Teach-In on MITT impact on Guam’s environment and quest for self-determination Aug. 17
August 15, 2017 – As part of their ongoing series of monthly Teach-Ins that provide insight into important issues affecting Guam, Independent Guåhan will be holding its next meeting on August 17 from 6:00 – 7:30 P.M. in UOG HSS 106 to discuss the Mariana Islands Training and Testing study area or MITT. The MITT is something relatively unknown to most in Guam or the Marianas Islands, but is an essential part of Guam’s strategic value and a key reason the island is under current threats from North Korea. The community will have until September 15, 2017 to provide comments on the MITT and this Teach-In is organized to help inform the public on the issue and how to provide comments. It is free and open to the public.
The MITT aims to expand the range of the Department of Defense training area in the region to 984,469 square nautical miles—larger than eight US states combined. The MITT allows for 12,580 detonations of various magnitudes per year for 5 years and 81,962 takings of 26 different marine mammal species per year for 5 years due to detonation, sonar, and other training and testing activity. Additionally, the MITT allows damage or kill of over 6 square miles of endangered coral reefs plus an additional 20 square miles of coral reef around the island of Farallon de Medinilla, through the use of highly explosive bombs.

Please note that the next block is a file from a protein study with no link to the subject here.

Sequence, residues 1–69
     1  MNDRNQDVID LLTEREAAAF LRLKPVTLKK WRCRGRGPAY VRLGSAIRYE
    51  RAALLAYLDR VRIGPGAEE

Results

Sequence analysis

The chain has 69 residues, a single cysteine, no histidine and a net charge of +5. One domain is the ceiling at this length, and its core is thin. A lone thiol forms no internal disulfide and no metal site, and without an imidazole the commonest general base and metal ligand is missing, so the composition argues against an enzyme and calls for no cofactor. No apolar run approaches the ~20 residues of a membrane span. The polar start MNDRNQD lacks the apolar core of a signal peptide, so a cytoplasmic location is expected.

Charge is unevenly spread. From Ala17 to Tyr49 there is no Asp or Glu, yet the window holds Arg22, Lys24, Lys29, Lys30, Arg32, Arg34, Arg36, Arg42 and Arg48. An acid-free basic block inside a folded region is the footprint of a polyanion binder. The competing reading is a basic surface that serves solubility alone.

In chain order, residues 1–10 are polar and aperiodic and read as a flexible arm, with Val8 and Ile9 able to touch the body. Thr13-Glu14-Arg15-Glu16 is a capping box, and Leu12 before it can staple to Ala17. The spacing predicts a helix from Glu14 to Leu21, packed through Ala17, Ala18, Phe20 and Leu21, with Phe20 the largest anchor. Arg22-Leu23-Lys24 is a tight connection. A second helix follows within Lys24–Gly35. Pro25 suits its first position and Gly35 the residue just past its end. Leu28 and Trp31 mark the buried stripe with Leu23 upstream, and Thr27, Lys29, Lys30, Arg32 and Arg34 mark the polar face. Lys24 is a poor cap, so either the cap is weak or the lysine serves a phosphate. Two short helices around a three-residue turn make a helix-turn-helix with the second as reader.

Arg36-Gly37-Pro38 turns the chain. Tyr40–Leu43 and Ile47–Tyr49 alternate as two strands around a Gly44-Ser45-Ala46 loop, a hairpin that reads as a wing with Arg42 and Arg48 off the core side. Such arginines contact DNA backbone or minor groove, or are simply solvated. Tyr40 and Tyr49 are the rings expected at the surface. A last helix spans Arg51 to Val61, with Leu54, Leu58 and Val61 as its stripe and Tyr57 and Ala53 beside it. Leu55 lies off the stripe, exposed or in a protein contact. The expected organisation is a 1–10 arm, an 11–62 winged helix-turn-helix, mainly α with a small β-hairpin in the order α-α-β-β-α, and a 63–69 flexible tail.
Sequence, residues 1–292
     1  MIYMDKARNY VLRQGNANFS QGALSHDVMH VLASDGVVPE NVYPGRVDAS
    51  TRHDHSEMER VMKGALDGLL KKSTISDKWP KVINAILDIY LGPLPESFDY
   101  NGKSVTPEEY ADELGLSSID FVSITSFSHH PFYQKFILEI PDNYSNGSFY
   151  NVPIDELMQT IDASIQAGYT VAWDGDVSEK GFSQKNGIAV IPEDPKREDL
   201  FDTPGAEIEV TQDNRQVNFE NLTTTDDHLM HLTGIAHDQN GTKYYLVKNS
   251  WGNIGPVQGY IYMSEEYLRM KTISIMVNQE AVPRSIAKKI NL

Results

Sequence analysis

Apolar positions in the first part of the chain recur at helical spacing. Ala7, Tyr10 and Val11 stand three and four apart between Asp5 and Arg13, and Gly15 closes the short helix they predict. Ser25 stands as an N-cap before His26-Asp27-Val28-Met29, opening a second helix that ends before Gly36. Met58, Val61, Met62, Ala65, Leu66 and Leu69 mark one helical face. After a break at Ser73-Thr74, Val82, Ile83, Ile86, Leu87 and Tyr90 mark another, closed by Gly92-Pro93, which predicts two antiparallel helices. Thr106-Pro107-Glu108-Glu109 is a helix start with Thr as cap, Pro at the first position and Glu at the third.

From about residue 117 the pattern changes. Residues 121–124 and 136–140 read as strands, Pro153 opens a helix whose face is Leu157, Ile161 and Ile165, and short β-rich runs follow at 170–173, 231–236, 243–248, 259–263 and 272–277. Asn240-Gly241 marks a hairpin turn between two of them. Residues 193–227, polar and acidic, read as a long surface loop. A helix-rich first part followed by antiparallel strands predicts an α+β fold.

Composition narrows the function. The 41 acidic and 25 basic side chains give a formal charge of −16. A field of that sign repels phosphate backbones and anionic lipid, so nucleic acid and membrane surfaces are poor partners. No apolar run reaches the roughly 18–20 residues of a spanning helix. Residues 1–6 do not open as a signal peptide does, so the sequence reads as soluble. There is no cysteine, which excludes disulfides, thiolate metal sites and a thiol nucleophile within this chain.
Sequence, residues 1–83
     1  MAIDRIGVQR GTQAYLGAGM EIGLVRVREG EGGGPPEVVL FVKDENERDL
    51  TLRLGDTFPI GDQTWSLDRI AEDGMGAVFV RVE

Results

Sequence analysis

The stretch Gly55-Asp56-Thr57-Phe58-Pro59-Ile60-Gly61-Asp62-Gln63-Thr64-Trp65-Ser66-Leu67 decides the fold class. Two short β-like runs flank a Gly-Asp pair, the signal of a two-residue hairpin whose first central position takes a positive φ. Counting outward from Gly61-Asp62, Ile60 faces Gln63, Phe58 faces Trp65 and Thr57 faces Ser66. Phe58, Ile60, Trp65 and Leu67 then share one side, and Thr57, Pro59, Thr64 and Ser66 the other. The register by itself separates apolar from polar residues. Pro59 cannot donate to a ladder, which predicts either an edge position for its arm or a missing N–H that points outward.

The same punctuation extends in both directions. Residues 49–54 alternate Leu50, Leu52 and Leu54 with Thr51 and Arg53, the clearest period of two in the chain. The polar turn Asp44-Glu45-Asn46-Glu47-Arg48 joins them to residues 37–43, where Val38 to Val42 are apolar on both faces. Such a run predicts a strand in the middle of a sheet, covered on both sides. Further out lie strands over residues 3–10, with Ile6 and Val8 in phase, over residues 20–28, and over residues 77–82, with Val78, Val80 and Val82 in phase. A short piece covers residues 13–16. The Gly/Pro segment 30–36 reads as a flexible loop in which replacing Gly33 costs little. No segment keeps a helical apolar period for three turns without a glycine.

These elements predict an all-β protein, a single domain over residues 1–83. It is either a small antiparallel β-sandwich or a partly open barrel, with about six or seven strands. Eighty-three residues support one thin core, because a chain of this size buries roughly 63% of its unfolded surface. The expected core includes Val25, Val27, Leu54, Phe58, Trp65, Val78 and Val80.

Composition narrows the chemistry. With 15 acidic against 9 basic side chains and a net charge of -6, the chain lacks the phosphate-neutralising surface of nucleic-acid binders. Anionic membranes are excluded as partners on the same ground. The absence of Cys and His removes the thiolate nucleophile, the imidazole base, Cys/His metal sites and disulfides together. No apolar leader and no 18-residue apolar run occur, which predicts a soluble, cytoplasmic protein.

Guam’s community has until September 15th in order to provide public comment on this activity that puts the region’s resources at risk and also increases our status as a target for enemies of the United States.
The Teach-In will discuss the specific threats these actions by DOD will affect our environment and natural resources, but also in general how it will affect issues of indigenous rights and political status change. Currently as a colony, Guam is limited in ways it can protect itself from these adverse activities. Looking to the future, the Teach-In will conclude with a discussion on how as an independent nation, Guam could enact policies that protect our resources and that honors and respects our relationship with our lands and waters.
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